He cleared the screen with an angry swipe. Six months ago he had not only been allowed to report on a similar computer malfunction, he had been ordered to. And agricultural die-offs due to disease or tankplot malfunction were nothing new; every other week, it seemed, some fruit or vegetable crop had to be re-started from the genetics bank, while everyone did without. They'd once gone six months without potatoes. Why wasn't he supposed to say anything about it anymore?

He was reduced, in his evening recording session, to reading practically the same script again, except for two frothy human-interest bits, one on the 85th birthday of the oldest Passenger, a man born just after the inaugural meeting of the Caliphate of the Holy and Oppressed and just before the destruction of Ottawa provided the impetus to Unification, and one on an amateur sculptor who made models of the ship out of scrap metal. Art allowed himself the cynical thought that that could quite plausibly be considered a political comment; he was surprised the Council censors, much less the Crew ones, had allowed it.

The only "hard" news was already ancient history: the publication of the latest lists of women required to attempt conception and the men designated as acceptable fathers. Sure, the semi-annual "Sperm-'n'-Eggs" list was big news—and had led to the previous night's energetic and entirely pleasurable, if somewhat exhausting, activities with Treena, and since he was on the male side of the list he was more than happy to continue to draw other eligible women's attention to it—but still, three days after its release, it wasn't exactly new "news," was it?

Norman gave him the traditional thumbs-up as he finished the recording, then closed down the control board and headed off, hand-in-hand with Teresa. Art watched them go and sighed. Teresa was young and sexy and…completely uninterested in him. Unfortunately, even though she was on the current Sperm-'n'-Eggs list, so was Norman, and that suited them both so well Art knew he didn't stand a chance.

Not that it stopped him from fantasizing every once in a while.

He'd just reached the door when his terminal beeped three times, the high-low-high pattern indicating an incoming voice call. For a moment he considered ignoring it, since he was officially off-duty, but then he decided reluctantly it could be important. He went over to his terminal. "Answer," he said. "Internal Communications, Stoddard here."

He expected the screen to light with the image of the caller, but instead it remained stubbornly blank; and the voice that spoke was both distorted and neutered. "Why didn't you report on the cred-transfer breakdown?"

Art frowned at the blank screen. "Who is this?"

The voice laughed, the distortion giving it an eerie, horror-movie sound. "Who knows what evil lurks in the hearts of men? The Shadow knows."

Art blinked in surprise. He'd have bet he was the only person on the ship who would have gotten that particular ancient pop-culture reference. "What?"

"I've got something for you. I know who caused the data loss. Interested?"

Art sighed. Every problem brought the crazies out of the deckplates. "A power surge caused the data loss."

"But who caused that?"

"Who? Don't you mean what?"

"No," the distorted voice said. "I mean who. I can tell you. If you want to know."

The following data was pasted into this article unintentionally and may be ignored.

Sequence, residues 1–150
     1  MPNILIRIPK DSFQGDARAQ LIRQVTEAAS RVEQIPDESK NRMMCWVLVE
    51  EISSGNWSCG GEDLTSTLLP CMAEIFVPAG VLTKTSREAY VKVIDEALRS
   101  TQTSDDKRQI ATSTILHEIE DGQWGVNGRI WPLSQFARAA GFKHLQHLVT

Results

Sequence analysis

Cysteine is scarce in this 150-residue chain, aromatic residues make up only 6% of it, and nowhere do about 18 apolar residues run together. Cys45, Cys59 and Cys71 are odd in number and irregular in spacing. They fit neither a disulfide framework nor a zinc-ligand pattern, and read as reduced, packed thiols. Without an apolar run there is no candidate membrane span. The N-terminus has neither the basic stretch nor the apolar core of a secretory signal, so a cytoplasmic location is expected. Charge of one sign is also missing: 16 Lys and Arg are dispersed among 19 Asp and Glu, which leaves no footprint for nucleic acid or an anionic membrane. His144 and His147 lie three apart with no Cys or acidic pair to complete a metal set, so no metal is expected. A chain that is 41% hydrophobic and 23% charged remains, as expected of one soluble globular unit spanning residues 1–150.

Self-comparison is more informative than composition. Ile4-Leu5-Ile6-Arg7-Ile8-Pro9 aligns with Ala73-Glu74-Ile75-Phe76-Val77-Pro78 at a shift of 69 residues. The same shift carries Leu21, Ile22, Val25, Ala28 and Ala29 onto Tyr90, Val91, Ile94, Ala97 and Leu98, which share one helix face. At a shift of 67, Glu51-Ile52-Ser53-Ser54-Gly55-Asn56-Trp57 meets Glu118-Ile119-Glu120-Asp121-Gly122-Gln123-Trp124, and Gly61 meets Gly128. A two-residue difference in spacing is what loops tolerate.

Crazy, he thought again, and Call the 'keeps, another part of him urged.

But it has to be a hoax, he argued with himself. Do you really want to waste the Peacekeepers' time on a hoax? Time enough to call after you talk to this nut, if you have to. Play it safe.

"Well?" the voice said impatiently.

"I'm interested," he said cautiously.

"Good. Take the pod as usual. We'll meet you."

"Meet me? Where? There's no place to—"

"As long as we know, you don't need to, do you?" The line went dead.

Art stood still for a moment. He could still call the 'keeps…but then he swore at his own faintheartedness and quickly finished closing up. Five minutes later he stepped out into the ever-bright Hab and made his way to the pod.

Halfway there, the lights went out.

Art stopped dead, shocked. The lights never went out in Admin Hab. Never. It was a given. Had something drastic happened? Have we hit something?

The lights came back on.

He gulped. Coincidence, he thought. It doesn't have anything to do with that mysterious voice.

He was almost able to convince himself.

The pod trip back to Habitat Three was uneventful, though Art held himself tensely the whole time, waiting for something to happen. When he stepped out into the access station, he took a quick, nervous look around. Again, he saw nothing unusual.

A prank? he thought. Could be…

Peter! Peter or one of his friends. That's gotta be it.

Convinced he'd solved the mystery, he set off down the street toward his parents' house.

Well, half-convinced: he couldn't help taking quick looks around as he walked down the dimly lit street, the skyplate shining with "stars" above him but little else in the way of artificial lighting except for the widely spaced glowing lightposts, casting fuzzy patches of silver on the scuffed ceramic street but making the darkness between them even blacker.

As he approached the park, he quickened his pace. Just beyond the park's patch of deeper night he could see the more concentrated glow of Neighbourhood One. The park was two hundred metres wide. He was maybe fifty metres into it when all lightposts along the street went out at once.

He stopped in confusion, heart suddenly racing: and an instant later two dark figures leaped out of the shadows.